Tasha's disappearance leaves many in the town confused and partly empty.
Her schoolmates envied her because she was the star of her swimming team. Her teachers admired her academic talents. Too many men of too many ages looked at her with lust and desire. Preston McCabe, a rancher and the wealthiest man in town, is driven to suicide. Preston's wife is fully aware of her husband's sexual inclinations toward young girls; she was one of them. She is a lonely, unsocial woman. The ghost of Preston's mother, whose suicide decades ago remains a mystery, becomes her only companion. Tasha's stepfather is the subject of suspicions voiced by the town's gossips that he killed her out on the mesa. Tasha planted some of the seeds for these suspicions long before she disappeared. Her high school math teacher is terrified that the town will suspect that he has been sexually abusing her. He is new in town, forced to leave a larger school in the Midwest because of rumors of involvement with his female students.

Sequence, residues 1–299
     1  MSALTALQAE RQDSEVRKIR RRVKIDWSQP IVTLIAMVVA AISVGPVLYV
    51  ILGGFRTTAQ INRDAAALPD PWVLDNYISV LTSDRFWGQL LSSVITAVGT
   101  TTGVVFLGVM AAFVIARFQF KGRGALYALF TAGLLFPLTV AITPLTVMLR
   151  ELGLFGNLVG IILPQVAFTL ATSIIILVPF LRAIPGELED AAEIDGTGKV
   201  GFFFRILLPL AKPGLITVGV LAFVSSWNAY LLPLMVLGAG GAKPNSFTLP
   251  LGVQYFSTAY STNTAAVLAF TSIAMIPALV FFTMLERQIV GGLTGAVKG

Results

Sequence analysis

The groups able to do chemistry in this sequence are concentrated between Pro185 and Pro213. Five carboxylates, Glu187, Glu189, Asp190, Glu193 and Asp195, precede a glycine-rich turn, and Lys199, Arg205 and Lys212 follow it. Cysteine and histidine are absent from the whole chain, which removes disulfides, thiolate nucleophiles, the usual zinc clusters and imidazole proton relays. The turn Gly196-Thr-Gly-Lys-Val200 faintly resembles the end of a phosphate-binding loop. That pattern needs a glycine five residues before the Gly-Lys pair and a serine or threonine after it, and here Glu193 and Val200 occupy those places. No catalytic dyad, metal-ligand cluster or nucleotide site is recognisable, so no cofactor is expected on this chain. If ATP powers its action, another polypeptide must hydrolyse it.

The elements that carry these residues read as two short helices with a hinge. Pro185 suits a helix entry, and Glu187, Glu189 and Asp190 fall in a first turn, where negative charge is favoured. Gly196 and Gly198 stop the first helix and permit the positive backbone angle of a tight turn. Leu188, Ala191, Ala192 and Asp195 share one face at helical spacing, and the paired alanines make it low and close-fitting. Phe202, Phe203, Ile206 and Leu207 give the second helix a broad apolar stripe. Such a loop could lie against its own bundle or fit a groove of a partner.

There are too many suspects and too few clues. The town has too many morally uncertain people for anyone to be certain that one or more of them didn't do something awful to Tasha Blue.